How Faunalytics Makes Animal Advocacy More Effective
Learn about the video series that captures the data you need most
This is a Online Campaign Grants grant story
Learn more about this grant
“Animals need you. You need data.”
Have you ever asked yourself whether graphic images of animal abuse are effective in vegan outreach? You may have wondered what main factors prevent people from going vegan. Or how people’s attitudes about meat substitutes are changing. Faunalytics identifies, summarizes, and shares hundreds of studies a year that answer questions relevant to animal advocacy. Research topics include effective advocacy, animals used in food, companion animals, animals used in science, and wildlife conservation.
Faunalytics shares this information with organizations as well as individuals through three pillars of content:
- A curated and searchable research library. This is the world’s largest library of research on animal issues and advocacy. The studies found there cover wide-ranging topics, including animals used in research, former vegans and vegetarians, the history of puppy mills, the human impact on the biosphere, and much more.
- Original research studies. Faunalytics conducts studies that are designed to fill the gaps in current research on topics that animal advocates care about, such as vegan retention and the relative effectiveness of different approaches to advocacy.
- Direct support such as “Ask Us: Faunalytics’ Virtual Office Hours.” During these 30-minute sessions (up to three hours per year per organization or individual), advocates can get assistance finding research on a topic or strategize how to evaluate their advocacy approaches.
Because many research studies present a lot of information, one of Faunalytics’ goals is to make the studies as accessible as possible. For example, their research library includes summaries of each study. And, the Faunalytics Fundamentals series provides comprehensive overviews of specific topics along with data visuals to help advocates get started or updated quickly in their areas of interest. Topics include farmed animals, animals used in research, ocean life, wildlife, zoonooses, and companion animals.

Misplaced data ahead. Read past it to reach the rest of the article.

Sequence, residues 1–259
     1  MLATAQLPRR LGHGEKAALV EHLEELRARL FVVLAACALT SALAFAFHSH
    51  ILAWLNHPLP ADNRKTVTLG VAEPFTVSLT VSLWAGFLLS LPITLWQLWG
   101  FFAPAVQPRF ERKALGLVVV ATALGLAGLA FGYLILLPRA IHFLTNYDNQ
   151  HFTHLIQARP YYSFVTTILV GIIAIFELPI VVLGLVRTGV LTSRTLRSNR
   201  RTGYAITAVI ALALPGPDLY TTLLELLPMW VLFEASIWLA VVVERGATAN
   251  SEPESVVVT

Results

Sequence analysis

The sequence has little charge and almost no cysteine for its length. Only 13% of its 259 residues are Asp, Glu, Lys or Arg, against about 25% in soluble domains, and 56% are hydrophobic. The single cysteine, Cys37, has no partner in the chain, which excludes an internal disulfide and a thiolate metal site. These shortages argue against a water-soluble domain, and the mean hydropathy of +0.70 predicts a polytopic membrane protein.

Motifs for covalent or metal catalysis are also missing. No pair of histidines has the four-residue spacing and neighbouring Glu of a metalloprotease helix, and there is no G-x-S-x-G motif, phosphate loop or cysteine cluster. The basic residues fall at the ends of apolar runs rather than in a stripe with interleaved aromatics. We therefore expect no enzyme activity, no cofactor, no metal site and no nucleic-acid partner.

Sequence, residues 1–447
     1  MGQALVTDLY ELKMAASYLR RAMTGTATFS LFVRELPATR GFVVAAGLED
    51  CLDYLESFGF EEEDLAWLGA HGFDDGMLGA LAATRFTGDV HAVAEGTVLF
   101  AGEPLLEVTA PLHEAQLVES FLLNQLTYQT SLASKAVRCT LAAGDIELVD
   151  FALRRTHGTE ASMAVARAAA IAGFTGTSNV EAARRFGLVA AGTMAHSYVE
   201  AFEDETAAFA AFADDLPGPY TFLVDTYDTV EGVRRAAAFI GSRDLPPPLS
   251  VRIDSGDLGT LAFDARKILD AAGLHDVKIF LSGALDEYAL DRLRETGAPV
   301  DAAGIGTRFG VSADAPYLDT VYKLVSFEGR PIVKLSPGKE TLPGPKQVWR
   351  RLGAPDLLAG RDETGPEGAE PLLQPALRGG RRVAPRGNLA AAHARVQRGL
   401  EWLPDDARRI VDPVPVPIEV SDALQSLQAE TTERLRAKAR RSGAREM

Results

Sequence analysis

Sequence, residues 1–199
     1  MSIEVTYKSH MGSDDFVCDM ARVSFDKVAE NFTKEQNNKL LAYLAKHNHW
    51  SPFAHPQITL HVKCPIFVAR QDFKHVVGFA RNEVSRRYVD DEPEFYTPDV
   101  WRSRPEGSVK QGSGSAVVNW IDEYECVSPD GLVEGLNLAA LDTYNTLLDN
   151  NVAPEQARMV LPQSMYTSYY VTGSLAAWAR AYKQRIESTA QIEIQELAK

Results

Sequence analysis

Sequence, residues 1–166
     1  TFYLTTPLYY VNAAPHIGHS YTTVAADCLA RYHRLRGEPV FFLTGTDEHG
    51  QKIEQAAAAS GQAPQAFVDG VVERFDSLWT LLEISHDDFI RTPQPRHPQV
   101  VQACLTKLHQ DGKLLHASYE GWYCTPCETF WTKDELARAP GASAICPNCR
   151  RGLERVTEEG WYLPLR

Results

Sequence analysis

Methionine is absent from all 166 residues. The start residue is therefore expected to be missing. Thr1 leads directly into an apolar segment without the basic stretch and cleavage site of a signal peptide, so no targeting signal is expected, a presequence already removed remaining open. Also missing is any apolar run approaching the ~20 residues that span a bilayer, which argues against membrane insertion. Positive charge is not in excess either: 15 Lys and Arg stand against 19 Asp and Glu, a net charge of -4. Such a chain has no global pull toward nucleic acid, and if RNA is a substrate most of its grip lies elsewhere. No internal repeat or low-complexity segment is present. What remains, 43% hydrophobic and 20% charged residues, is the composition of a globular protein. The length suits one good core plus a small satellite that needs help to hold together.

Over the years, their audience has asked for even shorter summaries of the data that can support animal advocates.
Creating the Faunalytics Explains video series
As a result of these audience requests, Content Director Karol Orzechowski (award-winning director of Maximum Tolerated Dose, a film about the animal experimentation industry) had an idea to create video summaries of research studies. Since 2020, he’s been producing Faunalytics Explains, a series on YouTube that packages studies into videos between one-and-a-half and three minutes long. At this length, the videos can include all the relevant context and information while remaining as brief and easy-to-understand as possible.
Our goal is to make our research available and understandable to as many vegan advocates as possible. These videos are perfect for visual learners and busy advocates who need reliable insights and data to fuel their work.
Brooke Haggerty, Executive Director of Faunalytics
- Make research summaries shorter and easier to absorb
- Produce at least one video every two months
- Build an audience and introduce their existing audience to the new format on YouTube
views across seven videos
total campaign impressions
visits to faunalytics.org from YouTube
new YouTube subscribers